There are times when you get so busy all you want to do is hide from that never-ending to-do list. You’re exhausted from playing whack-a-mole, rushing to hammer down the constant flurry of demands yet never certain you’re “crushing it.” You’re anxious you’ve forgotten something important and worried you’re not making progress on what really matters.
As a life coach, I’ve witnessed how starting a “someday-maybe-later” list can help. Making conscious choices to set aside or postpone tasks helps remove some of the immediate stressors so you can focus. Moreover, with a bit of structure you can gradually turn it into a “master project list,” the kind of tool productivity experts recommend, to prevent future overwhelm.
Confront the Reality of Time
While time management gurus recommend various systems, the common advice is to capture all requests, tasks, and obligations. Throughout his seminal book, Getting Things Done: The Art of Stress-Free Productivity, David Allen emphasizes the importance of recording “open-loops,” or unfinished work, in order to give the task at hand your full attention. In the first line of his book, he promises, “It’s possible for a person to have an overwhelming number of things to do and still function productively with a clear head and a positive sense of relaxed control.”
More recently, Cal Newport, the author of several books, including Deep Work: Rules for Focused Success in a Distracted World, also urged a harried listener of his Deep Questions podcast to “face the productivity dragon.” He noted how “ambiguous obligations … [have] become unfortunately common in our current period of largely remote and persistently frenzied work.”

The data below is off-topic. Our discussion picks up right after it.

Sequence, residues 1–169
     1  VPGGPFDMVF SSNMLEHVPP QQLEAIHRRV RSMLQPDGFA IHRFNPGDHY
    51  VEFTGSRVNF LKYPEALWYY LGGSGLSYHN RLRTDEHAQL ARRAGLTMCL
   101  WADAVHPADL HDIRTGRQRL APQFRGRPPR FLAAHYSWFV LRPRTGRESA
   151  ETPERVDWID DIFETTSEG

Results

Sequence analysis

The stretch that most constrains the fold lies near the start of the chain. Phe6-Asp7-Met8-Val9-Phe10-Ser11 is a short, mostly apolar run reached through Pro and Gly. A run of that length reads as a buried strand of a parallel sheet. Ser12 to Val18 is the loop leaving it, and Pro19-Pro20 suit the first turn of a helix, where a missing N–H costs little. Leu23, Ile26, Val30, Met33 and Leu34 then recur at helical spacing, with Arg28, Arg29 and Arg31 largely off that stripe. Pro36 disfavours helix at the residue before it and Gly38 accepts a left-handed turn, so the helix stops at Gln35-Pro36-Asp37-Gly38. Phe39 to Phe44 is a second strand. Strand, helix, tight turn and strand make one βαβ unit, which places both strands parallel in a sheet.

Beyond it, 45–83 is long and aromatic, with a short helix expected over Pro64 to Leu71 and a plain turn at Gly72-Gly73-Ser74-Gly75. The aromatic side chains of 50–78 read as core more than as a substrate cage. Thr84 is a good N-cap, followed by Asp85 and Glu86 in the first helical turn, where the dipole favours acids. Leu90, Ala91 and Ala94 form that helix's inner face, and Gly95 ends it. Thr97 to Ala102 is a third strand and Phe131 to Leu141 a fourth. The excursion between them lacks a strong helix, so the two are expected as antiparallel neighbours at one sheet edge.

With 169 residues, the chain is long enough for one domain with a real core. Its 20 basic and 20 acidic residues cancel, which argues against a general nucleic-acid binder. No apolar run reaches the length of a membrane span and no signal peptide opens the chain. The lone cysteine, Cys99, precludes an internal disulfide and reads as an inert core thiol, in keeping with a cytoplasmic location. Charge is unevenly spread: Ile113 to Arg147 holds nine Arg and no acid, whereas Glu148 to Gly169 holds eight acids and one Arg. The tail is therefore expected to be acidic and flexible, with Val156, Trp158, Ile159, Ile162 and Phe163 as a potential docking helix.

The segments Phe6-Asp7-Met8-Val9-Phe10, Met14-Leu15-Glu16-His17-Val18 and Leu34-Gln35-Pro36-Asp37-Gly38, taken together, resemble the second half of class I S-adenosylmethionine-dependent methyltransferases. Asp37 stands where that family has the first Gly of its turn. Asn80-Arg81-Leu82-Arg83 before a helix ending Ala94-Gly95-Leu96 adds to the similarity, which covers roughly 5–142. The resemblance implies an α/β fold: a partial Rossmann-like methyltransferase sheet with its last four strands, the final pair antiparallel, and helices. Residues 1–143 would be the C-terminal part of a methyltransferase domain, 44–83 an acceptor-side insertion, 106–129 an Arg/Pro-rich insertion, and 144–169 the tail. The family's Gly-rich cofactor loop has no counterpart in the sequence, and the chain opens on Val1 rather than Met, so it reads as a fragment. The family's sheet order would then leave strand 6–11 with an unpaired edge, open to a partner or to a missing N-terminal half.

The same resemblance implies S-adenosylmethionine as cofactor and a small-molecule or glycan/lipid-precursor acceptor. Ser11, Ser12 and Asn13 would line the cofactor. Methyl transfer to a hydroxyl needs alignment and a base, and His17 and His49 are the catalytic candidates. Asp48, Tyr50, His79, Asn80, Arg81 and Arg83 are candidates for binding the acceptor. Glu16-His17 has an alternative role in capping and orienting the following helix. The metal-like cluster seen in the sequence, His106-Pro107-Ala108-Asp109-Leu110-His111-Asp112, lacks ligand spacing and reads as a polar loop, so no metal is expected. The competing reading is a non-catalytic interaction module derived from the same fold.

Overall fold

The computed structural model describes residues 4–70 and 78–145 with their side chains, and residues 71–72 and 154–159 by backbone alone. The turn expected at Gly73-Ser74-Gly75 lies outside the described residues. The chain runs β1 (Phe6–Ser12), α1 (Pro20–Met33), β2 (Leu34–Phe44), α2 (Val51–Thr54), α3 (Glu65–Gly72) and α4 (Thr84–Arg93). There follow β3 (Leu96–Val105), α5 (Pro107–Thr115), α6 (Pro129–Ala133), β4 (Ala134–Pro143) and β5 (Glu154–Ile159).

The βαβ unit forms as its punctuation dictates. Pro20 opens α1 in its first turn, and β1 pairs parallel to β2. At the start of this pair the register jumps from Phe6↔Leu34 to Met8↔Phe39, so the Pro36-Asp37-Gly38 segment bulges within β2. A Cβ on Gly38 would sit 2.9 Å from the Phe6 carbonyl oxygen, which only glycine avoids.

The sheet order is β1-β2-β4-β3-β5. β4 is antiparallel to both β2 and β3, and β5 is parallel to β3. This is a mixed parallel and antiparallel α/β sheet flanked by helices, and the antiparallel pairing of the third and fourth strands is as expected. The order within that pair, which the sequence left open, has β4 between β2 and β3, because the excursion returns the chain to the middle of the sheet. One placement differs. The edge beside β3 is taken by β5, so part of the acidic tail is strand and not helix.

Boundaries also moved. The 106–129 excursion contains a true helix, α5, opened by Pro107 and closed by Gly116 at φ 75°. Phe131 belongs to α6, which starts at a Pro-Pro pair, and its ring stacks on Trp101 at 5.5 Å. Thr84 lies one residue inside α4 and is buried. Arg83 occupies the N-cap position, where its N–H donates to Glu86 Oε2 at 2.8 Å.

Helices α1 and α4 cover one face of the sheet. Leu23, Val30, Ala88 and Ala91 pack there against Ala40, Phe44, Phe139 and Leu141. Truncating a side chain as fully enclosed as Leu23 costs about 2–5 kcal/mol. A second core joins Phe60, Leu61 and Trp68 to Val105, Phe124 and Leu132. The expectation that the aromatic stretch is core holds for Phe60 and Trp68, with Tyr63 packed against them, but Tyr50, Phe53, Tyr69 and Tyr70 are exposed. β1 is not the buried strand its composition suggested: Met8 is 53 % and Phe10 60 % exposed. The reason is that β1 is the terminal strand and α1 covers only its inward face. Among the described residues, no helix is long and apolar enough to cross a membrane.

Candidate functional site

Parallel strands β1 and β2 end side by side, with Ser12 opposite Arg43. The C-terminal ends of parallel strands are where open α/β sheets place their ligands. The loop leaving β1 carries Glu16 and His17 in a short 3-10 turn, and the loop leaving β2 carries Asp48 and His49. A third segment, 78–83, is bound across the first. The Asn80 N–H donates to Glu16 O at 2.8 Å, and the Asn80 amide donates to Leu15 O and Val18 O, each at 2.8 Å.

Like Allen, Newport suggests having a designated place for tracking all obligations so you can remember where to find them. In an email conversation, he described his system: “I have a separate place to keep track of obligations (a task board, actually) for each of my professional roles. Each place maintains a list of things that needs to be clarified and elaborated. That way, if something vague but important comes across my plate, I can immediately capture it without yet having to do the hard work of figuring out what exactly this vague obligation means in practice.”
While this requires the extra effort of capturing tasks as they arise, Newport points to the greater negative impact of the alternative: “If you don’t have a record of everything you need to do, then you will forget or be late on many, many items.”
Time management expert Laura Vanderkam also recommends getting a complete and thorough view. But instead of monitoring future obligations, the author of 168 Hours: You Have More Time Than You Think proposes recording everything you did every half hour of the week. In a phone conversation, she explained, “If you don’t know where your time is going now, you don’t have the data to know what you’re working with to make improvements in the future.”
When I mentioned that some might find this exercise daunting, she said, “It’s not about playing ‘Gotcha! You spent too much time on Netflix or Instagram.’ It’s about approaching life with a spirit of curiosity. Once you track your time, you start thinking about how you want to fill your time and learn what you can do that you falsely assumed you couldn’t.”
Find an Easier Way to Start
If you’re thinking, “easier said than done,” you’re not alone. Not surprisingly, my coaching clients balk at new and exhaustive systems when they’re having trouble finding time to eat lunch or use the bathroom.
What helped instead is a more manageable someday-maybe-later list: a simple “parking lot,” not only for things you might want to do, as Allen suggests, but also for projects to delay or anything that seems “blobby” or ill-defined. With a clear framework, the act of typing out or writing down tasks to set aside gives you a sense of control and makes you feel stronger. It instills you with the power to prioritize, say no, delegate, and postpone.